The control unit 5 includes, in addition to the input/output interface 54, a RAM 53 for temporarily storing data and the results of processing, a ROM 52 for storing programs and various maps, a CPU 51 for executing processing in accordance with programs stored in the ROM 52, and a control memory 55 for controlling the flow of signals within the control unit 5.
The operation of the invention will now be described with reference to FIG. 4.
FIG. 4 is a graph in which crank angle is plotted along the horizontal axis and the amount of valve lift is plotted along the vertical axis. The graph shows the amount of valve lift at maximum lift and intermediate lift.
When the crank angle of the engine 6 sensed by the rotation sensor 9 represents the timing for opening the exhaust valve 1, the control unit 5 computes the open/close speed and the amount of valve lift of the exhaust valve 1, based on the maps stored in the ROM 52, from a signal indicative of the rotational speed of the engine 6 and a signal (not shown) indicative of the amount of accelerator pedal depression. The control unit 5 outputs the signals S1, S2 based on the results of this processing, and outputs the signal S3. In response to the signal S3, the upper coil 72 causes an N pole to be produced in the upper magnetic pole 71.
As a result of the foregoing, a repulsive force acts between the upper magnetic pole 71 and the opposing N pole 22. Owing to this repulsive force, the exhaust valve 1 is driven in the opening direction against the pressure within the combustion chamber, thereby opening the exhaust port so that the exhaust in the combustion chamber is discharged from the opening. Accordingly, the pressure within the combustion chamber drops rapidly so that the exhaust valve 1 can be driven by a small driving force.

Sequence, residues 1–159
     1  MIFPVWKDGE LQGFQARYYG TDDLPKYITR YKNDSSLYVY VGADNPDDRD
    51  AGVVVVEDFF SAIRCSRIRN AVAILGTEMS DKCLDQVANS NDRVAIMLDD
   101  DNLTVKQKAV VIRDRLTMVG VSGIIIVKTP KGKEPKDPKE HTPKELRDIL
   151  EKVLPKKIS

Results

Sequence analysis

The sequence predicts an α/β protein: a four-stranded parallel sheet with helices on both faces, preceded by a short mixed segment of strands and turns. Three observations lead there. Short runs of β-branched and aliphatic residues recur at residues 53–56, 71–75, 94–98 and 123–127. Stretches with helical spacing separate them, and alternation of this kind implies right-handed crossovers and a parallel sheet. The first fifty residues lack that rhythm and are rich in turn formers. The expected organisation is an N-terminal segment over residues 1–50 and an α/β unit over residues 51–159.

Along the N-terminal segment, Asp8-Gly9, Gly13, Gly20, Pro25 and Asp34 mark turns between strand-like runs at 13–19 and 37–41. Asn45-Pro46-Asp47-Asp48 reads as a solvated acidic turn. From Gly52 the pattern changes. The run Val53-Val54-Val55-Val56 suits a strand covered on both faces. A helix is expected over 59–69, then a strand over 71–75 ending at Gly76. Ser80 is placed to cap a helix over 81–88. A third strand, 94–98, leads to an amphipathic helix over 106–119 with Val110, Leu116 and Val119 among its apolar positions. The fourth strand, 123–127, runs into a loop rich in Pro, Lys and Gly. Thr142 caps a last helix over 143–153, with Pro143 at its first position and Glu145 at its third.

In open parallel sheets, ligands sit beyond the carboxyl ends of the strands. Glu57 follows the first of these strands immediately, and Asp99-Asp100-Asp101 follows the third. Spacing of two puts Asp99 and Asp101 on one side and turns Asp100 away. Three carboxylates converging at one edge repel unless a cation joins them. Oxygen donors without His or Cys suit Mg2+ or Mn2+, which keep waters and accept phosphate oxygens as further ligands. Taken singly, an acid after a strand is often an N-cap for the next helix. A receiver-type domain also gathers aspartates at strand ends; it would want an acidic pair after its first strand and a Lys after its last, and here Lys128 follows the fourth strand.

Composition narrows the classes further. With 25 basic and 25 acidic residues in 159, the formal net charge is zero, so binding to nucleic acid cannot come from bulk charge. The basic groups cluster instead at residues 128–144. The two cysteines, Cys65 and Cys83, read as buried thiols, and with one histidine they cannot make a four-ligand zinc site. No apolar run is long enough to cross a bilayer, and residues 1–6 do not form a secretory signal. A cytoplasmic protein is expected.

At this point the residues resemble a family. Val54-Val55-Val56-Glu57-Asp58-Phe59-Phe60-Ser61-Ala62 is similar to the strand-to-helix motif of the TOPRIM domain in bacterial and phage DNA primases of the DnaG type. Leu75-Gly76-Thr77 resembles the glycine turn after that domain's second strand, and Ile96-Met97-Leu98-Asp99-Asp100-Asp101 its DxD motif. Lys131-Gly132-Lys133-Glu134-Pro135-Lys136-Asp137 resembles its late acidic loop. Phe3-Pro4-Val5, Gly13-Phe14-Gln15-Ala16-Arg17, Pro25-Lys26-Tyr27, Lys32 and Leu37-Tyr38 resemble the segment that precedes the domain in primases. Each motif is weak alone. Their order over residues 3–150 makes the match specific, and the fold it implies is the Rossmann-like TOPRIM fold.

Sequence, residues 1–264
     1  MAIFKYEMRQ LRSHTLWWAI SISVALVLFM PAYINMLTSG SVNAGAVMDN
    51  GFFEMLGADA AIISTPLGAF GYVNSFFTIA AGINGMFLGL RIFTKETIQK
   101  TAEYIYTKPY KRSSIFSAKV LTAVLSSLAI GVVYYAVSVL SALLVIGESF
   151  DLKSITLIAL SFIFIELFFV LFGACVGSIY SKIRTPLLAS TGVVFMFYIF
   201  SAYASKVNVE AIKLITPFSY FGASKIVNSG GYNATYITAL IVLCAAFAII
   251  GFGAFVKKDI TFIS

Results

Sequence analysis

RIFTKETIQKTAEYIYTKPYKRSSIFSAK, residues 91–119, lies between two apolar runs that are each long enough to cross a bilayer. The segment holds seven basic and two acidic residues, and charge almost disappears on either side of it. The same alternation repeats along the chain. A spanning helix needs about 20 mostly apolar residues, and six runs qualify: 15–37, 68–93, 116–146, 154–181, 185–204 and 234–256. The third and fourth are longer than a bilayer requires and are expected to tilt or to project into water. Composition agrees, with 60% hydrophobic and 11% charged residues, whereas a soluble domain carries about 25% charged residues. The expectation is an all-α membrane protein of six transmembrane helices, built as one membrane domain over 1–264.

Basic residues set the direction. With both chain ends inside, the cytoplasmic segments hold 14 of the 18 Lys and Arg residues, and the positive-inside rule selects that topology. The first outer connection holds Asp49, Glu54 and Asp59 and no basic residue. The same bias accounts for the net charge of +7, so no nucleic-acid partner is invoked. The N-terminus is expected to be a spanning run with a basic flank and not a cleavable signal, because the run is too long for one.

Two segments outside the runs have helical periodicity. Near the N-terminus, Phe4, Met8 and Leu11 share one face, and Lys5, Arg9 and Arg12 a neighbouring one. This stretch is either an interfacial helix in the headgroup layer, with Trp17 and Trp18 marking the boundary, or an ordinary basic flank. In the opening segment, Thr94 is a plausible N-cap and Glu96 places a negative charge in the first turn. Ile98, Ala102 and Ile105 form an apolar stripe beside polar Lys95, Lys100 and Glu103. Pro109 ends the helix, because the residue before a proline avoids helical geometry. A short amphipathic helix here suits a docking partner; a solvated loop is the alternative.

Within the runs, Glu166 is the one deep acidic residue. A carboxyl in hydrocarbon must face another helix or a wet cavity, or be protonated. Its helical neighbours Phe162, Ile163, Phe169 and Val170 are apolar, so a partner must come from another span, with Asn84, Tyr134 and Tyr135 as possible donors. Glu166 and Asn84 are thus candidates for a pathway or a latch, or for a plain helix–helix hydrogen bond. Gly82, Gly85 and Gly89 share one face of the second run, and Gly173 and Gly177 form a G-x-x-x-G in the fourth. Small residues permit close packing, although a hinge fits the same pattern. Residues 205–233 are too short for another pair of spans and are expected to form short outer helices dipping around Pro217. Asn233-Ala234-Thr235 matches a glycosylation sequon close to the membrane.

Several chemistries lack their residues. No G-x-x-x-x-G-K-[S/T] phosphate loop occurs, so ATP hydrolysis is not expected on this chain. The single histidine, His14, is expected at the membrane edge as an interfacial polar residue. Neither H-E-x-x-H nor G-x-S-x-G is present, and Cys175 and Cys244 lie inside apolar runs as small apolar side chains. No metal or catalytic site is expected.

When the position of the exhaust valve 1 sensed by the position sensor 4 is greater than a predetermined position, the driving force produced by the upper electromagnet 7 is no longer necessary, and therefore the signal S3 is terminated.
Following termination of the signal S3, the exhaust valve 1 is driven in the opening direction by the signals S1 and S2. After being held at the position of the calculated amount of valve lift, the exhaust valve 1 is driven in the closing direction to close the exhaust port.
When it is sensed by the position sensor 4 also at the end of the closing operation that the exhaust valve 1 has been driven to the predetermined position, the signal S3 is outputted again to apply the electromagnetic force to the exhaust valve 1, thereby reducing the speed at which the valve moves in the closing direction. Owing to such deceleration, the exhaust valve 1 is seated gently on the valve seat 81, after which the signal S3 is terminated. The closed state is maintained by the signals S1, S2 until the next timing instant at which the valve is to be opened.
When the suction valve 1 is in the driven state, the position corresponding to the states of the signals S1, S2 and the position signal from the position sensor 4 are compared. If there is a disparity between the position corresponding to the states of signals S1, S2 and the actual position, the valve is returned to the closed state by a predetermined operation and fault diagnosis is performed.